The incident took place in the Israeli port of Ashdod, tens (or hundreds) of tonnes of oil spilled from a ship. Experts talk about the important mass that is set to “get worse” in the coming days. Some 80 percent of the coastline between Ras Naqoura and Tyre has been touched. Immediate action is needed.
Beirut (AsiaNews) – An environmental disaster of enormous proportions risks affecting a large part of the eastern Mediterranean coast.
The accident in the Israeli port of Ashdod, the most important in the country, has already had its terrible effects on the beaches of southern Lebanon, for what experts have already called the worst environmental disaster in decades.
Initial reports referred to an unspecified oil spill from vessels off the Israeli coast. A preliminary note from Israeli Prime Minister Benjamin Netanyahu and Environment Minister Gila Gamliel links the catastrophe to “tens, if not hundreds, of tonnes of oil spilled from a ship, in the port of Ashdod.”
In two days, the oil has already reached the coasts of southern Lebanon, where some of the country's most beautiful nature reserves are located. In Beirut the alarm has already been raised about the white sands, pebbles, rocks and even turtles affected by the oil spill.
Along the coast from Ras Naqoura to Tyre, black tar balls, forming a kind of dirty, sticky line pointing north, have invaded these protected sites, appreciated by locals as well as tourists,.
The origin of the accident appears to be established, but doubts remain as to the true extent of the disaster, the nature of the oil, the volume and the actual danger. Lebanese scientists are now concentrated on examining all the elements.
“At the moment we are analysing collected samples,” said Mouin Hamze, Secretary General of the National Council for Scientific Research of Lebanon (CNRS-L), speaking to L'Orient-Le Jour. “We cannot comment at the moment on the component of the polluting matter that has arrived in Tyre, nor on how we can deal with it.”
Environmentalists and experts are very concerned about the oil slick, which has already travelled a long way up to the Lebanese coast, sign that it is a huge mass and that the situation “is bound to get worse in the coming days”.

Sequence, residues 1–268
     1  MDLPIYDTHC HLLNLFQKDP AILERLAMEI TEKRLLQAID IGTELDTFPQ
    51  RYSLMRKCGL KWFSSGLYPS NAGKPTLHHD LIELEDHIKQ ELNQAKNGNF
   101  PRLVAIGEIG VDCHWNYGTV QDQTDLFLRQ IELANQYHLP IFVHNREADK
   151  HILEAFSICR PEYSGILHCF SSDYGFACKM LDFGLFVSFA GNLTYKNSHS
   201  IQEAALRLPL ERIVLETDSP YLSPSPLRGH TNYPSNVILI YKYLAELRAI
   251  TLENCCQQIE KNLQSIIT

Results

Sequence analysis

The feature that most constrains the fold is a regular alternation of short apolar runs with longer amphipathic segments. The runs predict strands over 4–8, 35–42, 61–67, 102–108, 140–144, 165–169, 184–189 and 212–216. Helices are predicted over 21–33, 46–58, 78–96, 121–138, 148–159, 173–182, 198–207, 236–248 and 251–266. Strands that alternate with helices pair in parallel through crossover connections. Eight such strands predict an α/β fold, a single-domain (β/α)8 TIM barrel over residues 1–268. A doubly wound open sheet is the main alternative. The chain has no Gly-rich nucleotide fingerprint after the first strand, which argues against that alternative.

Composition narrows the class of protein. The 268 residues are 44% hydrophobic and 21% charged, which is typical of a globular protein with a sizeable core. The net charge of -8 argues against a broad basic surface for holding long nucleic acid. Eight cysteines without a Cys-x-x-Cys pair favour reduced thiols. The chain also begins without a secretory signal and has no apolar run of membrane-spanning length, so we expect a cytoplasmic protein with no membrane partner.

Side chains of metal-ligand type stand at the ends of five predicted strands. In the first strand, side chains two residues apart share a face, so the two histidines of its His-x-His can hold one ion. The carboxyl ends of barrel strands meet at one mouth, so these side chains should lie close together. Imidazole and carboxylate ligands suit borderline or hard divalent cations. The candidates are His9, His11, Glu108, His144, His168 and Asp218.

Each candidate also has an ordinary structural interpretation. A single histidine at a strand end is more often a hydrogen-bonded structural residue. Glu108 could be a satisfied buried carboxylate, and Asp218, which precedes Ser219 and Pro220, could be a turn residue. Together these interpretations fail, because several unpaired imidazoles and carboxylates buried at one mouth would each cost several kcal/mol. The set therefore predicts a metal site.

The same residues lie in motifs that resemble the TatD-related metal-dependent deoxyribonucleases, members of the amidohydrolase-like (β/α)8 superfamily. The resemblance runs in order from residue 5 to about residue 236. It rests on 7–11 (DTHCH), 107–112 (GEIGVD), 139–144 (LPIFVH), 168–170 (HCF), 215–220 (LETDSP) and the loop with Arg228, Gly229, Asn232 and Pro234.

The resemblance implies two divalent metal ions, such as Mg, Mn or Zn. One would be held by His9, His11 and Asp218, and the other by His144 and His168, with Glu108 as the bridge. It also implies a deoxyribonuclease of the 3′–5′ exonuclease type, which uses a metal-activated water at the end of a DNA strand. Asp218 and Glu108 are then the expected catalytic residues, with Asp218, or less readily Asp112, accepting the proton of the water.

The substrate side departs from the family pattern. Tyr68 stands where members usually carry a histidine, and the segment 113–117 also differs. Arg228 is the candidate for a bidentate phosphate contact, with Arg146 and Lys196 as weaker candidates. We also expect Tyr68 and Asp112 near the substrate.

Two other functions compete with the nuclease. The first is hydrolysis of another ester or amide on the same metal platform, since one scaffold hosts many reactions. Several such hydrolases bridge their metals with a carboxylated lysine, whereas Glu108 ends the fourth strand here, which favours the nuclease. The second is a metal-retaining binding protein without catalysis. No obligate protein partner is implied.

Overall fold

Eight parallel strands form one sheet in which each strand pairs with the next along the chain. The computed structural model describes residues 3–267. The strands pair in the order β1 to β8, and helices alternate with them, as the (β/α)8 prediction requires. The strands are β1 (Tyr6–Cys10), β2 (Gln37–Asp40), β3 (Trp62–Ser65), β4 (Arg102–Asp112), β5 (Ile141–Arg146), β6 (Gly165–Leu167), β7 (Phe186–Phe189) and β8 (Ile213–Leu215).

“In this region sea currents go from south to north,” Hamze said. “This is why it went from the port of Ashdod to southern Lebanon. And it could continue its run north” unless it “heads out into the open sea, the preferable option” over “settling on the seabed.”
There is no shortage of accusations in Beirut that Israeli authorities, the UN and the Blue Plan, one of Regional Activity Centres of the Mediterranean Action Plan (MAP) of the United Nations Environment Programme (UNEP), failed to sound the alarm.
“It is true that not much can be done against an oil slick,” said Hamze, “but we would at least have tried to contain it and prepare ourselves. Let us not forget that a disaster of this magnitude also implies taking responsibility.”
Hassan Hamza, director of the Tyre Marine Nature Reserve, points out that “at least six sites have already been affected by the oil slick, or 80 per cent of the coastline between Ras Naqoura and Tyre. We must now prepare for a clean-up that promises to be a long one.”
“Our coastline and numerous species that inhabit the local nature reserve are in danger,” said Tyre Mayor Hassan Dbouk.
The Middle East chapter of Greenpeace also called for “immediate action” to deal with the disaster.